"http://example.com/name": [{"@value": "Graph"}]
 },
   {
     "@id": "http://example.com/Subj1",
     "@type": ["http://example.com/Type"],
     "http://example.com/ref": [{"@id": "http://example.com/U"}],
     "http://example.com/list": {
       "@list": [
         {"@value": "a"},
         {"@value": "b"}
       ]
     }
   }
]

Then, normal framing can operate on all elements as it does today.

However, given named graphs, people will probably want to do different types of queries. you might imagine a frame such as the following:

{
"@graph": null,
"@type": {}
}

This could return only subjects (with @type) in the default context and return something like the following:

[
 {
   "@id": "http://example.com/U",
   "@type": ["http://example.com/Graph"],
   "http://example.com/name": [{"@value": "Graph"}]
 }
]

Or,

{
 "@graph": {},
 "@type": {}
}

which could return all named graphs and could be something like the following:

[[{
 "@id": "http://example.com/U",
 "@graph": [
   {
     "@id": "http://example.com/Subj1",
     "@type": ["http://example.com/Type"],
     "http://example.com/ref": [{"@id": "http://example.com/U"}],
     "http://example.com/list": {
       "@list": [
         {"@value": "a"},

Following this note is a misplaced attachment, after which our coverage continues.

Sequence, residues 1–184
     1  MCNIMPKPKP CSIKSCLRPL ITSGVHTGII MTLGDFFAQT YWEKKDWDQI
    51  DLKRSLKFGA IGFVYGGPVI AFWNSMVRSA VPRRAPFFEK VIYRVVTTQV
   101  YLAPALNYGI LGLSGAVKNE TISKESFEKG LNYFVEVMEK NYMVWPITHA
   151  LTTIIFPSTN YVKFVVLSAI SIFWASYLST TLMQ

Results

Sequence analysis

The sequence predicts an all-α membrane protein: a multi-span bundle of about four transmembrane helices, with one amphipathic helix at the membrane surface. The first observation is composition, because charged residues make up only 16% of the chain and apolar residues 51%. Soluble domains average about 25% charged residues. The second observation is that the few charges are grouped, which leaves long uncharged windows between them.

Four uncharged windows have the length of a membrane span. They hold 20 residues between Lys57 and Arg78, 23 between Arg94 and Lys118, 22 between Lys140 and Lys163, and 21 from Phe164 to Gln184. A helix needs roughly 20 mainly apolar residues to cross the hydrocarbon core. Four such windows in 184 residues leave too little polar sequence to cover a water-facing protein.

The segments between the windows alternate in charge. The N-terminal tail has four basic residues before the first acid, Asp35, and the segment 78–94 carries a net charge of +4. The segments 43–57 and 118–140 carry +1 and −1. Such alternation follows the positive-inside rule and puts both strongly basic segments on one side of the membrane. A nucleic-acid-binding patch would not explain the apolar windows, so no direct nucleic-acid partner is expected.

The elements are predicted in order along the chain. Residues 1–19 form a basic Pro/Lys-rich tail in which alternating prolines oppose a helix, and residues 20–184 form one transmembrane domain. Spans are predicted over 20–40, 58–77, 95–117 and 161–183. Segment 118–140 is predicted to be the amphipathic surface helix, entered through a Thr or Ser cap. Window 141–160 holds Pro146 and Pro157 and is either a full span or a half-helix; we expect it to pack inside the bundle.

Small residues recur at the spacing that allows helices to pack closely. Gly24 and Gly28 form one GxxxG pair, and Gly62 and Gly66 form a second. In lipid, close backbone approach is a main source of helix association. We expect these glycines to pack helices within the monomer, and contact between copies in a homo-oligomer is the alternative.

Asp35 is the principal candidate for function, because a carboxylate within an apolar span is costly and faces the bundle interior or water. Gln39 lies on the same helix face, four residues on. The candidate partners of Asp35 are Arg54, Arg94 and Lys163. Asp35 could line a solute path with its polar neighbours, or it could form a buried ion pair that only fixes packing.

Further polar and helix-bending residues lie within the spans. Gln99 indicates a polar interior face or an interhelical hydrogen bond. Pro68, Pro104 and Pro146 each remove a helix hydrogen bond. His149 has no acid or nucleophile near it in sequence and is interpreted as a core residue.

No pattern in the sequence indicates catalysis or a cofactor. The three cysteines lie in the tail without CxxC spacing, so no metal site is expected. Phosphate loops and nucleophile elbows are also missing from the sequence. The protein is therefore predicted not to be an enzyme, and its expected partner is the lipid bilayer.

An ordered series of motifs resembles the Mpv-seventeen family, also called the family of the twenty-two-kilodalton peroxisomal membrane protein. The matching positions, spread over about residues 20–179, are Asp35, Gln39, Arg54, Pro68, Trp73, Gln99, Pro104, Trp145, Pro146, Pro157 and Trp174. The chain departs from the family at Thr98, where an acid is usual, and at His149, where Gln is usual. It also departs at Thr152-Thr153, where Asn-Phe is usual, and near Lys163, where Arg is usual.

{"@value": "b"}
       ]
     }
   }
 ],
}]

(note that the properties of the referring element are gone.)

There could be various combinations of these. If a frame includes @graph, then flattening would preserve the @graph structure when flattening the graph, maintaining parralel structures at the base for subjects in the un-named graph, and the same flattening structure within each @graph. This should allow the flattening algorithm to work recursively on each graph and require only relatively small changes.

Specifying a @id along with @graph could limit the results to only the graph with the specified ID. In this case, it might remove the named context, and just give the content of @graph.

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lanthaler commented May 11, 2012

I probably missed that mail as I was travelling at that time. It think that's in line with what I proposed above. The frame would implicitely start with a "@graph": null.

I haven't had time yet to fully implement framing but I implemented the subject map generation algorithm and I just pushed an update to support multiple graphs. I chose to add another layer in the subject map which defines the graph, so instead of subjectMap.subject it is now subjectMap.graph.subject.

For the default graph I use @graph (would you prefer @default?) as the key, @merged for the merged graph, and otherwise the graph's IRI. If you are happy with that change, I can update the subject mapping algorithm in the spec accordingly.

Just to make sure I didn't miss something. Taking this as an input:

{
  "@context": {
    "foaf": "http://xmlns.com/foaf/0.1/",